In contractual disputes, after-the-fact conduct is admissible after all
To most people, a contract is a written agreement, typically signed by all parties, that sets out what different parties promise to do. But what happens that the written agreement is ambiguous? Courts have long held that evidence of the “factual matrix” of the contract—that is, the surrounding circumstances that inform the context in which a contract is created—is admissible in the interpretation of a contract. In its recent decision in Shewchuk v Blackmont Capital Inc, the Ontario Court of Appeal confirmed that evidence of subsequent conduct may also be admissible to interpret the agreement itself.
The plaintiff in that case was an investment advisor who worked in the Calgary office of Blackmont Capital. The plaintiff’s compensation derived primarily from commissions on transactions that he arranged or executed, including from transactions that the plaintiff referred to the firm’s Capital Markets group. The amount of the commission he received on any particular transaction was determined by a Compensation Plan that set out commissions that all investment advisors working at Blackmont Capital received.
The plaintiff ultimately became dissatisfied the compensation he received under the Compensation Plan. This led the plaintiff to negotiate a new agreement with his branch manager, which resulted in the execution of a letter agreement dated April 11, 2006 (which the Court referred to as the “April 11 Agreement”). The April 11 Agreement provided that the plaintiff would receive certain additional compensation over and above that provided under the standard Compensation Plan.
A dispute later arose over whether the additional compensation provided under the April 11 Agreement applied only to retail transactions, or also to capital markets transactions. The plaintiff claimed that he was entitled to a 52 percent commission under the Compensation Plan, as well as a further 10 percent commission under the April 11 Agreement, on four Capital Markets transactions that he had participated in. Blackmont disagreed. The plaintiff then brought an action against Blackmont, claiming an entitlement to those commissions under the April 11 Agreement.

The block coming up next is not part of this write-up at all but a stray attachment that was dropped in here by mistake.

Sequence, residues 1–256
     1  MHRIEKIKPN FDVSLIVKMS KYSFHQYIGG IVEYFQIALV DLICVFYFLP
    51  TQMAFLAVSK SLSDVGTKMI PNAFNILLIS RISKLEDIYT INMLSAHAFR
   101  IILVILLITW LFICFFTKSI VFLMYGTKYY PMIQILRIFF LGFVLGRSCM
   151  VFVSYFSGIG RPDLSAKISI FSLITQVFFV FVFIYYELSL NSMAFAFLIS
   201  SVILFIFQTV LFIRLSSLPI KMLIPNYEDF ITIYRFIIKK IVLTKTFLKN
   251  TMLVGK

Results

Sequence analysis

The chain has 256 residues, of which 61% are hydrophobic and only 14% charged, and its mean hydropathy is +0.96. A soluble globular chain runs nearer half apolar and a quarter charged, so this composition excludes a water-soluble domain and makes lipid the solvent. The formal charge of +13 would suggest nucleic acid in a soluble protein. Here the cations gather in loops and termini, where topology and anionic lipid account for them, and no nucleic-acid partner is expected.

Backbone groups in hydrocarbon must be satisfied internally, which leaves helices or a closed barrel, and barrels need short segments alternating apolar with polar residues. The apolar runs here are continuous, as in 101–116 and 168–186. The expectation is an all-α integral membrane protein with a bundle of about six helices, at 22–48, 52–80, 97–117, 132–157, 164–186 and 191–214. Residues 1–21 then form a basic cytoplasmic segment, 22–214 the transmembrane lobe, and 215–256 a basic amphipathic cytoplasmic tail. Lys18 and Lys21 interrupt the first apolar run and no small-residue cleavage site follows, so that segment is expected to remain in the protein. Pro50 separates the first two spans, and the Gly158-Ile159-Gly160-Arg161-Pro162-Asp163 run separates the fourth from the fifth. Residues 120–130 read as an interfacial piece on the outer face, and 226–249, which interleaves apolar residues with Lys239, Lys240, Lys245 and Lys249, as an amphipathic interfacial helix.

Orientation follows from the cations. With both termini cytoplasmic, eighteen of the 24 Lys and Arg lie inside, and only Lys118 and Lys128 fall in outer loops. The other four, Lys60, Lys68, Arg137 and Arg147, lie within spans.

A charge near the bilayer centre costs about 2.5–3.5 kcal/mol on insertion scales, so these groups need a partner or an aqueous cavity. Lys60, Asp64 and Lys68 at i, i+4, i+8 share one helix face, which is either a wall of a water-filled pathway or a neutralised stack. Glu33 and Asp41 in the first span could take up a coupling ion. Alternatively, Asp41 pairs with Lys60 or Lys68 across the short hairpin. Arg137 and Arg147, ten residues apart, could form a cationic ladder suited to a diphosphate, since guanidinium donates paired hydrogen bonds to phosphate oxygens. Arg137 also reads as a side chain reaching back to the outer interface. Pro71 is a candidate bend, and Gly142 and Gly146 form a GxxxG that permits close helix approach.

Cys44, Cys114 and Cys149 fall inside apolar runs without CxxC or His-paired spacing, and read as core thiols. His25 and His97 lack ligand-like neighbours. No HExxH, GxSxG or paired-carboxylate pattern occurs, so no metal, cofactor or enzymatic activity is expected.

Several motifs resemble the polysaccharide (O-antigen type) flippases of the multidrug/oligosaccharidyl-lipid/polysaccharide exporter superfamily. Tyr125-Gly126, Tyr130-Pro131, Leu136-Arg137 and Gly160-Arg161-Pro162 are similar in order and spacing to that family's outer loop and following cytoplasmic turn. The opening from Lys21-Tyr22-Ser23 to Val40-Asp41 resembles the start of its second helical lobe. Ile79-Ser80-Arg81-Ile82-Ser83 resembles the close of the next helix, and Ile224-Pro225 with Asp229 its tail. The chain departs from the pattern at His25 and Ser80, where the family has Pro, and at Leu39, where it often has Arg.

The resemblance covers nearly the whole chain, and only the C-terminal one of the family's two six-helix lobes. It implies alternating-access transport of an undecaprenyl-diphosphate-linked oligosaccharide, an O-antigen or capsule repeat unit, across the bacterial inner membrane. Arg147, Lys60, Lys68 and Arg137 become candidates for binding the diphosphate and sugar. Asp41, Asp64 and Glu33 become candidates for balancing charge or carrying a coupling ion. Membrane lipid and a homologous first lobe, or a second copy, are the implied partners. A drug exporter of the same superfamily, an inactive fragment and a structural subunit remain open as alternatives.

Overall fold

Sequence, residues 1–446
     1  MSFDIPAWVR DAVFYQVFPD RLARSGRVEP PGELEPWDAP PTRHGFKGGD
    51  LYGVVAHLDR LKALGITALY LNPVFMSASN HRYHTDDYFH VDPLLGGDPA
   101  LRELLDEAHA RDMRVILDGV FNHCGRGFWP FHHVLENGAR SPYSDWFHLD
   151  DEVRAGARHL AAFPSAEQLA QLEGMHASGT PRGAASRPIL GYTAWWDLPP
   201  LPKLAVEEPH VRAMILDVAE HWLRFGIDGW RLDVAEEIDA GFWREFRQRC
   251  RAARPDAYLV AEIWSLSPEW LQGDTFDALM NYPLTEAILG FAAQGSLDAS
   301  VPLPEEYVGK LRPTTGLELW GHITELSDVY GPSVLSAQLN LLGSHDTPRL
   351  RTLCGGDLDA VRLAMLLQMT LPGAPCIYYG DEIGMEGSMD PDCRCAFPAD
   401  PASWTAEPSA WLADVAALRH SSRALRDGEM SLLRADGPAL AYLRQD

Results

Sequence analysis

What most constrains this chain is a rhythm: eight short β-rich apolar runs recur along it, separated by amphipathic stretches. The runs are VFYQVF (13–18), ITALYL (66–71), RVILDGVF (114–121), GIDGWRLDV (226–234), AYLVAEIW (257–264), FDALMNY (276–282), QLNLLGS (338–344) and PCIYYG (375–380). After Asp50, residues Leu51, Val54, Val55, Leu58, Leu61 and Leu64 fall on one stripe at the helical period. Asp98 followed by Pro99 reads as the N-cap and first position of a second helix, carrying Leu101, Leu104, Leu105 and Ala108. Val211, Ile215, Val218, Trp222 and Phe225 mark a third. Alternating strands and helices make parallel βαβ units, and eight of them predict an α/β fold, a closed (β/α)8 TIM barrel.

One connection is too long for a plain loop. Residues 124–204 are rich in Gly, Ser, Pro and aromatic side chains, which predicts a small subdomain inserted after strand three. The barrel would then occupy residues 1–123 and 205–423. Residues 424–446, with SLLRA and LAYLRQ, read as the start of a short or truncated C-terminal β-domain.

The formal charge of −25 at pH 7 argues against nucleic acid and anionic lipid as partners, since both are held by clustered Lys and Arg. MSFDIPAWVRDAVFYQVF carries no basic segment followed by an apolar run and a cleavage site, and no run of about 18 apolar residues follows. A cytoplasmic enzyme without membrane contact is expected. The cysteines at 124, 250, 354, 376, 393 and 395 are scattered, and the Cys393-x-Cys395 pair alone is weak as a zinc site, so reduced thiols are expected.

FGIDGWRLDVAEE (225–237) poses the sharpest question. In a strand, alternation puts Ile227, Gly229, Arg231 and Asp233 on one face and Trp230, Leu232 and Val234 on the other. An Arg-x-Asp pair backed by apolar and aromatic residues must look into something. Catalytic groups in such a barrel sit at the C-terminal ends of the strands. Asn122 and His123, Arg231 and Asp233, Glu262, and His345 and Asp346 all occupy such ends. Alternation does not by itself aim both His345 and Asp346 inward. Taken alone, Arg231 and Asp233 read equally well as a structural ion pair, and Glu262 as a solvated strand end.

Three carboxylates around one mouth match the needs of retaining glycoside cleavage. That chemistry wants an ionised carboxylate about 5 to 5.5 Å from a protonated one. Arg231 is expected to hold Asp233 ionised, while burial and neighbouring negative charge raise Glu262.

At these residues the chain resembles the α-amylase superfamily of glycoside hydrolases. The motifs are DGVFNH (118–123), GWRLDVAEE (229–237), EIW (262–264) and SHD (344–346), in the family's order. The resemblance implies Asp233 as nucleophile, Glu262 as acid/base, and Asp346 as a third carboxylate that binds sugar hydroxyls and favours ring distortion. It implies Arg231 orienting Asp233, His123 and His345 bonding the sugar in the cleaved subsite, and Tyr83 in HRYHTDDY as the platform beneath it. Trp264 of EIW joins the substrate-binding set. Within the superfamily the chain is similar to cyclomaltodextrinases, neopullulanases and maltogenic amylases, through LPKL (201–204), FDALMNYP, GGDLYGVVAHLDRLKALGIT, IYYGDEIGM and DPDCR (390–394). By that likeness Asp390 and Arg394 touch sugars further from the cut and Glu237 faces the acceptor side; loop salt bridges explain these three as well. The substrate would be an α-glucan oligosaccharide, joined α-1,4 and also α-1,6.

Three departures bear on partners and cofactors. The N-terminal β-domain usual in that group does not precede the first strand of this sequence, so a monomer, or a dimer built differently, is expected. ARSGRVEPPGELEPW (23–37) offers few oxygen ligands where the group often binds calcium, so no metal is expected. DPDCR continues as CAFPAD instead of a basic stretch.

The trial judge ultimately rejected the plaintiff’s claim. The trial judge held that the April 11 Agreement was only intended to apply to retail transactions, rather than capital markets transactions.
The plaintiff appealed to the Ontario Court of Appeal. The core of the plaintiff’s argument on appeal related to the admissibility of certain evidence of subsequent conduct after the executed of the April 11 Agreement.
Specifically, the trial judge had heard evidence at trial that, after the execution of the April 11 Agreement, the plaintiff had engaged in ongoing attempts to negotiate compensation for deals he introduced to the Capital Markets group. Blackmont claimed that this subsequent conduct was inconsistent with the plaintiff’s position that the April 11 Agreement applied to Capital Markets transactions. In his reasons, the trial judge accepted Blackmont’s position and relied on that evidence to find against the plaintiff.
The plaintiff argued that the trial judge had erred in admitting and relying on the evidence of subsequent negotiations. The Court of Appeal disagreed and dismissed the appeal.
In its decision, the Court of Appeal held that a party’s subsequent conduct can be relevant to interpreting a contract. However, the Court of Appeal limited the use that can be made of such evidence in two important ways.
First, the Court held that subsequent conduct will only be admissible as an aid in contractual interpretation if the Court concludes that the contract is ambiguous, having regarding to both the text of the contract and the factual matrix at the time the contract was made.